Job Gains Moderate in March as Recovery Slowly Advances; Best First-Quarter Employment Results in Six Years

April 10, 2012

  • Job creation eased in March, but the monthly employment gain nonetheless capped the best first quarter of job growth in six years. Additions to payrolls confirm that the economic recovery is maintaining momentum, while some of the headwinds to growth appear to be subsiding. Gas prices, while higher than a few months ago, have stabilized in recent weeks while concerns over eurozone financial difficulties have eased for now. April also marks the start of earnings season, and many companies are expected to report moderating profit growth. As much of the gains from cost-cutting measures and increased worker productivity have been wrung out, additional hiring will be required in the months ahead to drive increased profitability in the coming year.
  • The private sector added 121,000 workers in March, while government agencies shed a scant 1,000 positions, resulting in a net gain of 120,000 jobs for the month. The economy generated 635,000 jobs in the first quarter, with almost all of them coming from the private sector. Nine of 10 private-employment sectors added workers in the first quarter, led by a gain of 196,000 professional and business services positions. Education and health services added 134,000 jobs, as medical practices added staff to handle increased patient volume. More than 103,000 positions were also created at dining establishments, reflecting the continued loosening of household spending and greater confidence in the employment market. Only the information sector shed jobs from January to March.
  • Rising consumption and the ensuing inventory increases underpinned a gain of 25,000 trade, transportation and utilities positions in the first quarter. However, the gain would have been greater if not for contraction in the retail trade segment, where 37,500 positions were lost in the first quarter. The loss of jobs reflects seasonal adjustments and may also count the closure of some Sears stores, and additional losses will be reflected in the coming months. J.C. Penney, for one, will eliminate 600 headquarter positions while Best Buy announced its intention to shutter 50 of its big box retail locations.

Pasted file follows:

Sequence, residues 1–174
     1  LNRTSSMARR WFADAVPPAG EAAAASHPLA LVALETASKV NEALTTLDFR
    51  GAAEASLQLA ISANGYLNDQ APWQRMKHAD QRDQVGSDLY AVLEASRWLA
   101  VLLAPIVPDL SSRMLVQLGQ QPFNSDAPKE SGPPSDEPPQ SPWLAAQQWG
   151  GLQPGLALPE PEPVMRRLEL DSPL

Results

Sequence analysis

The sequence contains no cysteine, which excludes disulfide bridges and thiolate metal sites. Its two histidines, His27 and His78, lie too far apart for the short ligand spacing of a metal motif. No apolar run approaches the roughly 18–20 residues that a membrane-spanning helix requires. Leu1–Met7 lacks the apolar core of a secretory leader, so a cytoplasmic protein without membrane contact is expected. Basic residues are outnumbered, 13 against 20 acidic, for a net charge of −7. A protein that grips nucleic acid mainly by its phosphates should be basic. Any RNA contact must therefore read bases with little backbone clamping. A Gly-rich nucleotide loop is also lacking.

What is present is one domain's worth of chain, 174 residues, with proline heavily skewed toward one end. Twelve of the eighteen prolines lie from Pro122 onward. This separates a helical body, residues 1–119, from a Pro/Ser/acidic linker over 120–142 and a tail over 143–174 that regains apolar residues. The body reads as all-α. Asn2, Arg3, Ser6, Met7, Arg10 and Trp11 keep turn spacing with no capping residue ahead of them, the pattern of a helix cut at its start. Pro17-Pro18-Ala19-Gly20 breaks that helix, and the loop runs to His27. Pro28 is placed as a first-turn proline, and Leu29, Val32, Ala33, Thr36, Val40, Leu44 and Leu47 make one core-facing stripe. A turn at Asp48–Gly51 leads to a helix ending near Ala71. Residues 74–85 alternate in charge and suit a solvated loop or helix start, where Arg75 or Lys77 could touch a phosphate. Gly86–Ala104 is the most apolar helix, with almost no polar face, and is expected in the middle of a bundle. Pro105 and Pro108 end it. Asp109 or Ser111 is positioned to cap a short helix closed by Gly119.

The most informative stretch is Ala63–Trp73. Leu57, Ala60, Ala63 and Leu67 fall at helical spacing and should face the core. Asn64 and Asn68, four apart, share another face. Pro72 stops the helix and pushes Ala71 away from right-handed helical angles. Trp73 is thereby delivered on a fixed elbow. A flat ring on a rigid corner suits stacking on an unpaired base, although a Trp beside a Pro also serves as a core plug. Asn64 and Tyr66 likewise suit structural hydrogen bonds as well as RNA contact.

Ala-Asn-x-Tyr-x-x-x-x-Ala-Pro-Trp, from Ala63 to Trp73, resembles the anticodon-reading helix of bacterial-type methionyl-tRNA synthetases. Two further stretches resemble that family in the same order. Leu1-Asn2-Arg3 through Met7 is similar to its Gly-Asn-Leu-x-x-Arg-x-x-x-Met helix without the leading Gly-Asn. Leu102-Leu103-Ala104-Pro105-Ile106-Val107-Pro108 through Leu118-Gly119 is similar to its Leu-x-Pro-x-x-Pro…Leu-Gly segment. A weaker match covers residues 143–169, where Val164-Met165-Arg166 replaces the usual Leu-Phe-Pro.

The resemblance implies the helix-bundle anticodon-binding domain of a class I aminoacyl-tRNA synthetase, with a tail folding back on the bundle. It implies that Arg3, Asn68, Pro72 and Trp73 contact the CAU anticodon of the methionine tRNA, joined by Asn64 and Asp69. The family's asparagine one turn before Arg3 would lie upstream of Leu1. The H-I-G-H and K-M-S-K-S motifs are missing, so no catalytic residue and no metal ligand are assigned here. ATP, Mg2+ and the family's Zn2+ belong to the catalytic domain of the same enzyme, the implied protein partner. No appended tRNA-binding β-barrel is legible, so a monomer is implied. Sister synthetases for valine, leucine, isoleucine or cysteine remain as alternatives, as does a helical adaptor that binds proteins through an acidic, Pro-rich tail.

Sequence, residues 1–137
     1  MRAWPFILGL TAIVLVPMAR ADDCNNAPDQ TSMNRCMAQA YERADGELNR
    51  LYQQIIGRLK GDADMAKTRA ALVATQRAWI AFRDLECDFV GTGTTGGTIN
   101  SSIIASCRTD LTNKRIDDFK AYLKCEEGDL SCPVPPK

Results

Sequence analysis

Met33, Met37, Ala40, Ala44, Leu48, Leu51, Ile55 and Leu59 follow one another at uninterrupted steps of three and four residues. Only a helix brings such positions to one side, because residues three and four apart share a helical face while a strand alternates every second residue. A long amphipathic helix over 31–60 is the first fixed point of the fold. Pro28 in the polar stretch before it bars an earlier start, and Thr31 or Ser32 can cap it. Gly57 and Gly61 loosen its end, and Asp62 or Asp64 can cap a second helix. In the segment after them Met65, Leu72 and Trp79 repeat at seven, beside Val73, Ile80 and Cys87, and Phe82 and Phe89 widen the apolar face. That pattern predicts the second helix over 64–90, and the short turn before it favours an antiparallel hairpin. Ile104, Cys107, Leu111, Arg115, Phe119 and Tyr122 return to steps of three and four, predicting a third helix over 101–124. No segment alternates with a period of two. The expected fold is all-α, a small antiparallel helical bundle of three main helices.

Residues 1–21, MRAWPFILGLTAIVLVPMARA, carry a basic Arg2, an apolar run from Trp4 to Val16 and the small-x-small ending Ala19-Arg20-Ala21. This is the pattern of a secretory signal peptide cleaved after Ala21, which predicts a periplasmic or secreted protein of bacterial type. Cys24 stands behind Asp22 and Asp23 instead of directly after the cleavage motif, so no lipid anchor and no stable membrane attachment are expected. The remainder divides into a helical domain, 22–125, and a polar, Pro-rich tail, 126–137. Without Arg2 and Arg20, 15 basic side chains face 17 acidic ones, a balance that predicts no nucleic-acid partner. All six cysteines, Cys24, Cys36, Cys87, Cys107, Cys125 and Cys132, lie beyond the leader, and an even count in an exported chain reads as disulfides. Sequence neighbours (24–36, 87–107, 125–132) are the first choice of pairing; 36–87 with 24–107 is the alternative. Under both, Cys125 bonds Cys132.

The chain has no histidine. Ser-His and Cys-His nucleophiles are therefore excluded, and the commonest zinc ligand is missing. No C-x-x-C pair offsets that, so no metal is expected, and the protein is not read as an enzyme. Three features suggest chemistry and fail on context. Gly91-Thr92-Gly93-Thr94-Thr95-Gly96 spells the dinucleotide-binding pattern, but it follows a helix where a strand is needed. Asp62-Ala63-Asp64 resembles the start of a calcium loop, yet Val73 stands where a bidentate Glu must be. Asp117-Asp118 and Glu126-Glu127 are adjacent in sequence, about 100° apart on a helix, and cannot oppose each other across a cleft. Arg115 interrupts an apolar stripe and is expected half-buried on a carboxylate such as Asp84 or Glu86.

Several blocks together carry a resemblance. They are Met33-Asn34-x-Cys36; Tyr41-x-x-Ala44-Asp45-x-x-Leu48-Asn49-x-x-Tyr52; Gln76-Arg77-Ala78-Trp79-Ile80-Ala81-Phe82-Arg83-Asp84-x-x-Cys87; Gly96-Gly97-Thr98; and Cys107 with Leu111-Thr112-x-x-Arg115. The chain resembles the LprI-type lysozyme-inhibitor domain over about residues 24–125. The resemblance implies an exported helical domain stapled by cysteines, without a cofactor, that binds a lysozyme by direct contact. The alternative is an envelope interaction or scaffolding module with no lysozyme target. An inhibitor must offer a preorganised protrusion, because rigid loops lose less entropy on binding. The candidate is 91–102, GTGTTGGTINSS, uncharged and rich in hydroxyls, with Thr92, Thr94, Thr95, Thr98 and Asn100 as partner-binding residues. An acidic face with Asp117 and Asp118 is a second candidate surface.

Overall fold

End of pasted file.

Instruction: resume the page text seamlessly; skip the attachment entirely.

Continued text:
Impact on Commercial Real Estate

  • A heightened pace of improvement in office property performance will become evident in the in the months ahead as more than 124,000 full-time, office-using positions were added in the first quarter this year, marking the eighth consecutive quarter of expansion. Though absorption has been slow to ramp up as companies remain cautious with office space needs, the national office vacancy ended 2011 at 17.3 percent. As hiring continues over the course of the year, tenant expansions will generate nearly 47 million square feet of net absorption in 2012, slashing 70 basis points from the office vacancy rate.
  • The transportation and warehousing segment added more than 34,000 workers in the first quarter, offering a further indication of a recovery in the industrial property sector. Positive net absorption will exceed 45 million square feet of completions in 2012, resulting in a 90-basis-point drop in national industrial vacancy to 11 percent. Asking and effective rents will rise 1.7 percent and 2.0 percent, respectively, during the year, helping to partially erase losses posted in the preceding three years.

 

The Research Brief blog from Marcus & Millichap offers timely insight and expertise into the rapidly changing investment real estate industry. The Research Brief is published weekly by top industry professionals, showcasing time-sensitive information and valuable analysis. Add the Research Brief blog to your reading list today.